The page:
‘The replicability crisis is a crisis of internal validity – can we trust the findings of our studies? Do they mean what we think they mean?’ says Heine. ‘And one solution people all seem to be in agreement on is that we need larger sample sizes and more effort to include replication studies. And both of these require more test subjects – which increases the incentive to get convenient samples.’

So how to avoid the danger that, in making science more accurate, we also make it more WEIRD? One solution that some scientists are adopting in order to widen their sample – or just find subjects more easily – is Amazon’s Mechanical Turk (known within the field as ‘MTurk’). This offers researchers access to a pool of people who are willing to carry out tasks, such as answering a researcher’s questions, for a small amount of money.

This is not, however, a magic wand. MTurk is, as Love points out, a weird sample as well as a WEIRD one. ‘You’re selecting people who are odd, because they’re interested in doing these things online for not that much money – and they’re not just doing one or two studies, like in a lab, they’re doing 50. They’re almost like professional subjects.’ The pool of volunteers is also rather more shallow than it appears: a recent paper found that most scientists are reaching only approximately 7,300 people, rather than the 500,000 claimed by Amazon. There are also indications that a small contingent of ‘Western’ MTurk volunteers are actually from India and other parts of the developing world, spoofing their IP addresses in order to make some easy income.

Recruiting volunteers on Facebook rather than MTurk might solve this problem. While it is still a biased sample, since it excludes those without computers or smartphones, it is a vastly more representative sample of humanity, as well as one in which people are more likely to use their real names and locations. And there are also other databases for scientists to explore. Just as Love used supermarket sales data, Raihani and her colleagues recently trawled through data on online charity donations to explore the idea of ‘costly helping’ – that instead of brandishing our tail feathers to attract a mate, we donate excessive amounts to their chosen charity. They found that people did indeed compete to try to top the most recent donation, but only when they were male and the fundraiser was an attractive female.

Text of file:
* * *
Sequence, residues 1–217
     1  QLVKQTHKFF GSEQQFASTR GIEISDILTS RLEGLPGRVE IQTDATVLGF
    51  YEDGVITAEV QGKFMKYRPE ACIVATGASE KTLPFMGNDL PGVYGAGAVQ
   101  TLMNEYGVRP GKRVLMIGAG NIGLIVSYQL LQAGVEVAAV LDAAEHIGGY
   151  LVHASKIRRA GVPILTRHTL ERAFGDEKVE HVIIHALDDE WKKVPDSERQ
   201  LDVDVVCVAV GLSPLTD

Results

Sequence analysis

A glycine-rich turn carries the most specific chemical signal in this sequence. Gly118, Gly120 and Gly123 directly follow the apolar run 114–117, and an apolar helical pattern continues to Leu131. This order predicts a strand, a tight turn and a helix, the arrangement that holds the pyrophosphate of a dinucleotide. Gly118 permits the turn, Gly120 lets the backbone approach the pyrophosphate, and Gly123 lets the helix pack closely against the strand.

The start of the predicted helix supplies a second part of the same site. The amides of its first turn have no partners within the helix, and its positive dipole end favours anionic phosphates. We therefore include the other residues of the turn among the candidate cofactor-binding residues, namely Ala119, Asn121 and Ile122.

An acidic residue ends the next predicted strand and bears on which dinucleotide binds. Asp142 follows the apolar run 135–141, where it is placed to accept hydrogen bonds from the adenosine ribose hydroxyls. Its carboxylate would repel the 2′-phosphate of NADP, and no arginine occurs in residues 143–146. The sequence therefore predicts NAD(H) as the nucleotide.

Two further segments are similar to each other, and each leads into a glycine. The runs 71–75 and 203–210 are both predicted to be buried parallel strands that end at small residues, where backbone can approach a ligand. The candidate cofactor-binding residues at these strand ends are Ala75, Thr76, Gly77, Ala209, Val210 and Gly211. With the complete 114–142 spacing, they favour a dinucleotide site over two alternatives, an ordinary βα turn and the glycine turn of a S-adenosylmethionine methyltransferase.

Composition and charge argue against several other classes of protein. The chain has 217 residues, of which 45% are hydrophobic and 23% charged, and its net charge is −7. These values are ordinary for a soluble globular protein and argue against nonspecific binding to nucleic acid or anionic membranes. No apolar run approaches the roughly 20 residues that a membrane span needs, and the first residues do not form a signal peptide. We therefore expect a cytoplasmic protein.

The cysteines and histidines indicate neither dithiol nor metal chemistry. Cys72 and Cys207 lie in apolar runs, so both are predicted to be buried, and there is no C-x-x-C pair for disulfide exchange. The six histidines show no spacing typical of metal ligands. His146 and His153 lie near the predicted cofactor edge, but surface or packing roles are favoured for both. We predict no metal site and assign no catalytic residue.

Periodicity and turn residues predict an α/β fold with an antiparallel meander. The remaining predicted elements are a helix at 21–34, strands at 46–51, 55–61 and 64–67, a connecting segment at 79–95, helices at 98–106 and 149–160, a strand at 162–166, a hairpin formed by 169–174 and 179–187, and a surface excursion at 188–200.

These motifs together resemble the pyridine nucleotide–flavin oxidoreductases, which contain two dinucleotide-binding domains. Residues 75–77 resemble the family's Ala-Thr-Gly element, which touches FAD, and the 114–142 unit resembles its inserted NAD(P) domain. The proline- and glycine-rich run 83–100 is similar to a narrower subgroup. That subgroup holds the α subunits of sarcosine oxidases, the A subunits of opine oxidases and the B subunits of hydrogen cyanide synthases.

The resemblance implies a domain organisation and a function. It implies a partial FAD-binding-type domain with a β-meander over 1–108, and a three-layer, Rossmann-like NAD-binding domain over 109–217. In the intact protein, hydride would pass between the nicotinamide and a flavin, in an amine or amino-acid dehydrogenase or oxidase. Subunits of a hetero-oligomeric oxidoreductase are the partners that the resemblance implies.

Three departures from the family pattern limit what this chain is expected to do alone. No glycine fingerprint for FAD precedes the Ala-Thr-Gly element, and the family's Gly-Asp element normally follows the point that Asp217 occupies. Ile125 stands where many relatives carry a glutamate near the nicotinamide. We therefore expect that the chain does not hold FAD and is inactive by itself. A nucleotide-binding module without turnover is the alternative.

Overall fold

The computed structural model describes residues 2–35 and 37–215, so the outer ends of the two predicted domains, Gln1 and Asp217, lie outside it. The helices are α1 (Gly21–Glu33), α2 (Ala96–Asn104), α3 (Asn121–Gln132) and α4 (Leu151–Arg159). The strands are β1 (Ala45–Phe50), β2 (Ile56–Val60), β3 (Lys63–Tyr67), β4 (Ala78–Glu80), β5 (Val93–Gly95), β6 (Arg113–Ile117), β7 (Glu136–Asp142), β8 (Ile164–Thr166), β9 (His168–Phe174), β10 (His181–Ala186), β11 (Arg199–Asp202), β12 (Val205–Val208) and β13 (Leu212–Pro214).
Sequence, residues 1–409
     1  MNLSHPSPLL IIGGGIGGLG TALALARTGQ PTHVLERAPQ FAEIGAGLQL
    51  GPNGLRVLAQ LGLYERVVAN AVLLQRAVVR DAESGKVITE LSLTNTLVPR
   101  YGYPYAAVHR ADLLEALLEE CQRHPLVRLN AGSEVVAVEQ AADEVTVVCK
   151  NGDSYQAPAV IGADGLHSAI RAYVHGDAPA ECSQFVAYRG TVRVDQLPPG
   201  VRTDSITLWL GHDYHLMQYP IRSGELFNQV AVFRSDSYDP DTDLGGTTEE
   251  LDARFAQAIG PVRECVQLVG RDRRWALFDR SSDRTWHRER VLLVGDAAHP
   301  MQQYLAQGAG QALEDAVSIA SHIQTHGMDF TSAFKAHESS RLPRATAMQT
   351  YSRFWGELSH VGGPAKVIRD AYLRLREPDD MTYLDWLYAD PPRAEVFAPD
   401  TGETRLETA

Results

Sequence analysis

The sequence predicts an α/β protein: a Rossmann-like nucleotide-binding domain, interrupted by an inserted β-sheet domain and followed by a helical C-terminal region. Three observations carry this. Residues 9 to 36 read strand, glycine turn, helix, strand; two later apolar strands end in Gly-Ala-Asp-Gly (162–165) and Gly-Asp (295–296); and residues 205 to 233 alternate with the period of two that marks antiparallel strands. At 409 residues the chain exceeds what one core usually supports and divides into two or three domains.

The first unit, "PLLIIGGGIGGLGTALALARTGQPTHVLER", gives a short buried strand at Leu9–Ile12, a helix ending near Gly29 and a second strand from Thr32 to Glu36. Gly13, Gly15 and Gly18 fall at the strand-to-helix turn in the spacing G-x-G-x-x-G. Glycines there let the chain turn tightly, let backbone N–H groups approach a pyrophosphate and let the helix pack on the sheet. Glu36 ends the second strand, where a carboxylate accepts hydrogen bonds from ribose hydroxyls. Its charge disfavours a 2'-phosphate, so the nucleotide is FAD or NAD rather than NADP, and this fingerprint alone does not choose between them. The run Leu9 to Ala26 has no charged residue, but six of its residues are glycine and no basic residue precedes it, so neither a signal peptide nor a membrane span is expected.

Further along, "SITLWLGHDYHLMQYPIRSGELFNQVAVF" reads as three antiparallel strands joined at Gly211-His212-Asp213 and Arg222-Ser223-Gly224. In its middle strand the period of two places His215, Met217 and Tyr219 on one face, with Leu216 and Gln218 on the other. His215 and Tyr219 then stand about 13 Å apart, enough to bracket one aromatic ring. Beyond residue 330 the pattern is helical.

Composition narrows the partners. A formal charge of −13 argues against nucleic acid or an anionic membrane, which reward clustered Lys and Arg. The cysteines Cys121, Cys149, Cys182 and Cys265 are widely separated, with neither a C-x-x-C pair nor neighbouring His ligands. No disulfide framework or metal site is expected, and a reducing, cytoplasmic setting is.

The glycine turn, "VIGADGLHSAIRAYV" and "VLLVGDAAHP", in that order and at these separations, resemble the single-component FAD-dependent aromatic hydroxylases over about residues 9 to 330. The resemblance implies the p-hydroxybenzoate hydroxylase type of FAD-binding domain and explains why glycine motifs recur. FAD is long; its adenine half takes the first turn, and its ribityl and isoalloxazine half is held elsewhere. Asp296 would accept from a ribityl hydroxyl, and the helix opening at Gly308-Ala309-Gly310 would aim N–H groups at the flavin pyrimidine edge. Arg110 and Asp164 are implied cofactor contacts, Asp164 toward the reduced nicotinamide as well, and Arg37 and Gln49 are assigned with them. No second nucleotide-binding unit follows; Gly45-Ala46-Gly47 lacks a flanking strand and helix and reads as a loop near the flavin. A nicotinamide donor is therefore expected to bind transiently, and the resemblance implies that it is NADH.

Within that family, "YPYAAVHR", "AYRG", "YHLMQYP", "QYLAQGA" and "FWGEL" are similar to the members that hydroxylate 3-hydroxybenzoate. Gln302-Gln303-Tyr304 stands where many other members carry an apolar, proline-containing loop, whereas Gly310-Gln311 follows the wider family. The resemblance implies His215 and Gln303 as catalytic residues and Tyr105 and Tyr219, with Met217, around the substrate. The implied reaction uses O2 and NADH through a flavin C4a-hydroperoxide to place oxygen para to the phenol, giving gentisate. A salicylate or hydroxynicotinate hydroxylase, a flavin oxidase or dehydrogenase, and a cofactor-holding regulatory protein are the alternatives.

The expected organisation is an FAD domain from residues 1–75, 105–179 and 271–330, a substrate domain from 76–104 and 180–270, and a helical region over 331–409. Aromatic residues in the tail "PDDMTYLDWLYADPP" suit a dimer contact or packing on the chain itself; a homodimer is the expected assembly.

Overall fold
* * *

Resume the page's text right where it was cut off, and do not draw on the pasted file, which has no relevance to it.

Part of the solution to the WEIRD problem, therefore, is to abandon the idea that there is one particular gold standard of experiment. (Or, indeed, one particular gold standard of human behaviour.) Instead, theories and results can be tested in the lab, in different cultures, against the findings of big data, and via volunteers from online tools, with each individual result being treated as representing a probability rather than a certainty.